One

One

4.8 17
by Kathryn Otoshi
     
 

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Blue is a quiet color. Red’s a hothead who likes to pick on Blue. Yellow, Orange, Green, and Purple don’t like what they see, but what can they do? When no one speaks up, things get out of hand — until One comes along and shows all the colors how to stand up, stand together, and count. As budding young readers learn about numbers, counting, and

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Overview

Blue is a quiet color. Red’s a hothead who likes to pick on Blue. Yellow, Orange, Green, and Purple don’t like what they see, but what can they do? When no one speaks up, things get out of hand — until One comes along and shows all the colors how to stand up, stand together, and count. As budding young readers learn about numbers, counting, and primary and secondary colors, they also learn about accepting each other's differences and how it sometimes just takes one voice to make everyone count.

Editorial Reviews

Children's Literature - Ken Marantz and Sylvia Marantz
Otoshi uses simple splashes of color reminiscent of Lionni's Little Blue and Little Yellow with the numbers from one through seven to tell a story of courage. Blue is a quiet color, very different from the others. He is generally happy, except when he is with Red. Red picks on and belittles Blue, and the other colors are afraid to challenge him, until One arrives. Red tells One to stop laughing and making the others laugh. One simply says, "No." The other colors become numbers two through five as they decide they will stand up and say "No" as well. Blue wants to "count," too. He stands up and becomes a blue six. When everyone is standing up together, red shrinks. But One says, "Red can count too." Red becomes seven, and finally "everyone counts." Bits of watercolor blobs on white pages effective create a story, and the reader becomes a believer. Otoshi demonstrates how small stimuli can become effective conveyors of meaning if one allows the imagination to work. One has the potential to stir discussions not only of the meaning of illustration in picture books, but of the problem of bullies and how to deal with it. Reviewer: Ken Marantz and Sylvia Marantz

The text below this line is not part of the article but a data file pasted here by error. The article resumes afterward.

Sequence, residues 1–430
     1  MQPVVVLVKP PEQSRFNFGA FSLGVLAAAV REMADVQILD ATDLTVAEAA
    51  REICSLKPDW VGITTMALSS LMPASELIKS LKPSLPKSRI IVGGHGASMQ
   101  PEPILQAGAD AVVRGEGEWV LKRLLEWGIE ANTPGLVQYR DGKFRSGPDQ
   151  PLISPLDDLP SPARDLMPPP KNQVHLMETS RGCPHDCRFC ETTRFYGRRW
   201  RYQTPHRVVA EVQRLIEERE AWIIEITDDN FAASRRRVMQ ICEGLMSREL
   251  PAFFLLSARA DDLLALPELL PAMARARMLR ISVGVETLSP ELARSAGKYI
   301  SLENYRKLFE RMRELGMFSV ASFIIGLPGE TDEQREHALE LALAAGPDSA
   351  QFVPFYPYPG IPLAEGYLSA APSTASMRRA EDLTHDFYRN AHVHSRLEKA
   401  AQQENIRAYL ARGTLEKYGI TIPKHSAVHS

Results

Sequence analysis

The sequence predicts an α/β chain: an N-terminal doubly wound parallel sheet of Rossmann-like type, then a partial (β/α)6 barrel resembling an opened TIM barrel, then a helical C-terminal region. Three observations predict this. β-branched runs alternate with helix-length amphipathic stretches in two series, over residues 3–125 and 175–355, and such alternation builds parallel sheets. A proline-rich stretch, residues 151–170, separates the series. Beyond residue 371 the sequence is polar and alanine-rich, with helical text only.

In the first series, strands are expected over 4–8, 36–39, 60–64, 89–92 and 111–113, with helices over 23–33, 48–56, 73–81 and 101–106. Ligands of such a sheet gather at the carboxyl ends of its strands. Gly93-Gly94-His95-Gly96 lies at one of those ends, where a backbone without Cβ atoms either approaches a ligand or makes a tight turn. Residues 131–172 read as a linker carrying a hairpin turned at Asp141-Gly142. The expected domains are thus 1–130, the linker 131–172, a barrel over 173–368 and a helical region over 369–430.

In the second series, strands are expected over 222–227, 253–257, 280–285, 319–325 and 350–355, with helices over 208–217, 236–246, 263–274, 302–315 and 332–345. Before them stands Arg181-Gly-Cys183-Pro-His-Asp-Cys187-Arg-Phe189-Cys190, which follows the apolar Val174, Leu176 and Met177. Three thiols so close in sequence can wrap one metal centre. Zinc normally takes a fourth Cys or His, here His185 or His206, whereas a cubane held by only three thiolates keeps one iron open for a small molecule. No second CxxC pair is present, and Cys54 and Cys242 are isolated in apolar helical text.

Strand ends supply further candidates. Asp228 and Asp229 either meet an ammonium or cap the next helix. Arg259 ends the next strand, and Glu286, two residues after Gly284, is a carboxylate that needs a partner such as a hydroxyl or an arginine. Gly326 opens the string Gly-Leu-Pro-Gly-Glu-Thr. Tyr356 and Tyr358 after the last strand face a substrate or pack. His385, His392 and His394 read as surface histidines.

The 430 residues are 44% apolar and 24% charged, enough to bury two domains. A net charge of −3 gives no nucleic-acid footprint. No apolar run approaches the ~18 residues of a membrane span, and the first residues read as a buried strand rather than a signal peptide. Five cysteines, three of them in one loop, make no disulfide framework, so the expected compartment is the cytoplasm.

School Library Journal

PreS-K

This is a deceptively simple color and counting book that turns into a lesson on bullying. Whenever they meet, Blue is picked on by Red: "Red is HOT. Blue is NOT." The other colors like Blue but are intimidated by the bluster so they say nothing, and soon Red is bossing everyone around. But then One comes. It is funny and brave and confronts Red: "If someone is mean and picks on me, I, for One, stand up and say, No." All the other colors follow One's lead and become numbers too. Yellow is two, Green, three, etc. Red begins to feel left out and tries to bully Blue, but Blue ignores him and changes to Six: "Red can be really HOT,' he says, but Blue can be super COOL.'" The rest of the numbers stick up for Blue, but offer Red the opportunity to join in the counting, and all ends well. The book is well designed with bright colored circles and numbers on stark white pages accompanied by black print. The text is very simple but meaningful, and the moral is subtly told. Red is not ostracized but included in the game, and the essential point of one person making a difference is emphasized by the ending: "Sometimes it just takes One." This is an offering with great potential for use with the very young in a variety of ways.-Judith Constantinides, formerly at East Baton Rouge Parish Main Library, LA

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Product Details

ISBN-13:
9780972394642
Publisher:
KO Kids Books
Publication date:
10/01/2008
Pages:
32
Sales rank:
28,474
Product dimensions:
9.10(w) x 10.10(h) x 0.50(d)
Age Range:
4 - 8 Years

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